Paul Mancini plays the Governor/Innkeeper with the necessary strength but delivers the humor and charm of the role, too. He keeps the Man of La Mancha in line in the prison during the trial and tries to do the same at the inn. Paul uses his baritone voice in his solo number "Knight of the Woeful Countenance" when he finally dubs Ouixote a knight. His shrewish wife is played by Valerie Jarzombek and the serving girl and Moorish dancer is played by Christine Treglia who shakes her booty while stealing everything from Quixote and Sancho. Both of them make the most of their time on stage. Playing Duke/Dr. Carrasco is Anthony Prichard. He not only directs the show but plays the villian who snaps Quiana back to reality. Anthony plays this role wonderfully and he redeems the Duke at show's end by shaking Cervantes hand. The knight of the mirrors segment with four other knights is a stand out moment of the evening by destroying the idealism with the harshness of reality.
Alonso's niece, Antonia is played excellently by Siobhan McHugh who has a fabulous soprano voice. Antonia and Carrasco plot to get her uncle's money while she and the housekeeper played by Zarie Alhijanian show their concern in the lovely, 'I'm Only Thinking of Him". Zarie brings a comic touch to the role. Tom Briody plays the Padre in the show returning to the theater after a long hiatus. He does a great job in it and as the Padre, he tries to keep things in their proper perspective. He sings his solos, "To Each His Dulcinea" and "De Profundis" beautifully as he does the trio with Siobhan and Zaire.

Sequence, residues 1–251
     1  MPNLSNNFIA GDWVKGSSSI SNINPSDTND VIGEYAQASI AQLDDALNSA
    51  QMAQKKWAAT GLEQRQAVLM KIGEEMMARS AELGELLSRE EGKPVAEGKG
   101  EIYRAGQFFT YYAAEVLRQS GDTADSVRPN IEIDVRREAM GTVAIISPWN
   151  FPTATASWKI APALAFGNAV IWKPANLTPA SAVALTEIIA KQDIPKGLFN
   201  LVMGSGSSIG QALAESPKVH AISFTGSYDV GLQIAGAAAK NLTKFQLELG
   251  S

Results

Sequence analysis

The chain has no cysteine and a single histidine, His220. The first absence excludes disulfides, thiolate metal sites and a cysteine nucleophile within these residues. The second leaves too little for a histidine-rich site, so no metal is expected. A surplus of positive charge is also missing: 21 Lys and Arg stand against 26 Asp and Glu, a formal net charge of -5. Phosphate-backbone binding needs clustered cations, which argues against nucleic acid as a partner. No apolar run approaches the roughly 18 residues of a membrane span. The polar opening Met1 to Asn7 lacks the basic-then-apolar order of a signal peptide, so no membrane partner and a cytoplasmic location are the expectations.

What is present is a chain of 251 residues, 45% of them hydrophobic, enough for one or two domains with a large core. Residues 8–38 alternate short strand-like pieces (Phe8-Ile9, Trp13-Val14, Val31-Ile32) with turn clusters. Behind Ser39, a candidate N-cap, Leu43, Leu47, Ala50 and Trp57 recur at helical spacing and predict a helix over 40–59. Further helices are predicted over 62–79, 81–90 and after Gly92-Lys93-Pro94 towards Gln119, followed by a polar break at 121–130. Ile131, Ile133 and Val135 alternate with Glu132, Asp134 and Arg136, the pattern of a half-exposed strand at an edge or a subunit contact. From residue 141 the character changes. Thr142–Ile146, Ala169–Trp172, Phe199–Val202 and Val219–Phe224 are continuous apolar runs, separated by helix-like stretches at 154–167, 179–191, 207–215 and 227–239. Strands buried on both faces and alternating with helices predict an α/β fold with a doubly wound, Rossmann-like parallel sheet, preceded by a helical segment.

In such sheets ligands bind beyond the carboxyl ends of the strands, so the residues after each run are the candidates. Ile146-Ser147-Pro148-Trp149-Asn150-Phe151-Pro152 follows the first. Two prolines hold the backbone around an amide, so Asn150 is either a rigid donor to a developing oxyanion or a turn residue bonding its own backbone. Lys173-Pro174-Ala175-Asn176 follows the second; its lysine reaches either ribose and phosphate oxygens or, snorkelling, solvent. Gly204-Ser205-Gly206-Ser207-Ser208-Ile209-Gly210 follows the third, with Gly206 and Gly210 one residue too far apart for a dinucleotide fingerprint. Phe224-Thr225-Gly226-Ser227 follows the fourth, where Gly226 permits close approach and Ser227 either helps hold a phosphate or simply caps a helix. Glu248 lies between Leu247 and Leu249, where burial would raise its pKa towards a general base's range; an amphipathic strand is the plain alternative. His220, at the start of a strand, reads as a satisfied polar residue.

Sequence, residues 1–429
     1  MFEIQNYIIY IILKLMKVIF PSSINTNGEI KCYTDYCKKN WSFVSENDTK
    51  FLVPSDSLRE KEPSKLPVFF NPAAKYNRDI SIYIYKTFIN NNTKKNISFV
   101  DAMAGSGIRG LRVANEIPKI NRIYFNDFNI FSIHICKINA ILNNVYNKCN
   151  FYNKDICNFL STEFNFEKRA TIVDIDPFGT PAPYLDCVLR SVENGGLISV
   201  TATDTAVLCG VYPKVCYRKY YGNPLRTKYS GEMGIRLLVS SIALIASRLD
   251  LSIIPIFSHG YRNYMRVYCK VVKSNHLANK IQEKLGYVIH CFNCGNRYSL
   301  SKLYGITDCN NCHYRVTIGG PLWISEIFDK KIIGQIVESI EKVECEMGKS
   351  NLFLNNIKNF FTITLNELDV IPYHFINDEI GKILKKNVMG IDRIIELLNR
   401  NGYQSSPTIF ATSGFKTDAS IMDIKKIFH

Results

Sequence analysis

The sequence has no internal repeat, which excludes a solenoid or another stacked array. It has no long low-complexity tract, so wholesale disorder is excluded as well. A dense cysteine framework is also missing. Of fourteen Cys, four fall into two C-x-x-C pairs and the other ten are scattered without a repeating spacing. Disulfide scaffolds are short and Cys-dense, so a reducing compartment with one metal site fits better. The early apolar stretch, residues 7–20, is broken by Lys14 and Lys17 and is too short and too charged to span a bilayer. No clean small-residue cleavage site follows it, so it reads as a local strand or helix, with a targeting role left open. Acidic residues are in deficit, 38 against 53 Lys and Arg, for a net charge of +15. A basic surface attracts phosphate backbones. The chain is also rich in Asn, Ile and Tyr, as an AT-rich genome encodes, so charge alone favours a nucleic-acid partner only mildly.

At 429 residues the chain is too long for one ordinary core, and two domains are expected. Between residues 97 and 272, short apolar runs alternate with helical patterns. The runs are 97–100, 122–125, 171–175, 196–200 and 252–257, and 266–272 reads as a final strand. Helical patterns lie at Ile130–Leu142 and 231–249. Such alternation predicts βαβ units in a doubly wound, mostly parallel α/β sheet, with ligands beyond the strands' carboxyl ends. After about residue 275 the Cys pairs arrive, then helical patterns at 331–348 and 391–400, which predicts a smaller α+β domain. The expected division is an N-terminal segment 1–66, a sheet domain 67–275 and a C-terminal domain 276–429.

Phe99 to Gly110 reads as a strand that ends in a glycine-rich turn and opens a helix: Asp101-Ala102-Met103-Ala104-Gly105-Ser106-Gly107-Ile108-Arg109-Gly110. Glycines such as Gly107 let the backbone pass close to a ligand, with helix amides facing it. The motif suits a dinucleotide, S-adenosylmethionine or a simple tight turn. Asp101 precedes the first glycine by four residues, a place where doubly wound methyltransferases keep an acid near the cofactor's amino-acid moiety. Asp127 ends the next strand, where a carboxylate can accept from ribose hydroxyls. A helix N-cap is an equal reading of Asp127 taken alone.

The muleteers are given strong portrayals by seven talented actors. Ronald Haxton sings the "Little Bird" song beautifully and he and Michael Farrelly play the dancing horse and mule. Steven Pacheco plays the head muleteer, Pedro and delivers a sinister side to this brutal character. Joseph Turchetta who also plays the Moorish pimp, plays the most beaten up muleteer in the group. Bart Duarte shows off his singing in the opening death chant and uses his huge physical presence to intimidate Aldonza in the rape scene. Bruce Hammond doubles as the guitar player muleteer who tries to clobber people with it in the fight scene. Also doing double duty is Amedeo DiRocco who plays the barber who has his hat stolen from him. This 20 year old is hilarious in this role and brings much laughter to the scene. He also does a dramatic turn later as he is dragged out to the Inquisition. All of the people in the fight and rape scene deserve a tremendous amount of credit for their physicality in the show. The men also do excellent choral work in "Dulcinea" and "Golden Helmet. The closing number by the ensemble is a tearjerker and closes the show by making the audience feel it is okay to dream "The Impossible Dream".
Rounding out the cast are Mark DeWolfe as the Captain and Richard Nardella as the Soldier of the Inquisition who fighten the inmates and the crowd when they make their entrances. So for a night of wonderful theater, be sure to catch, "Man of La Mancha" in East Greenwich.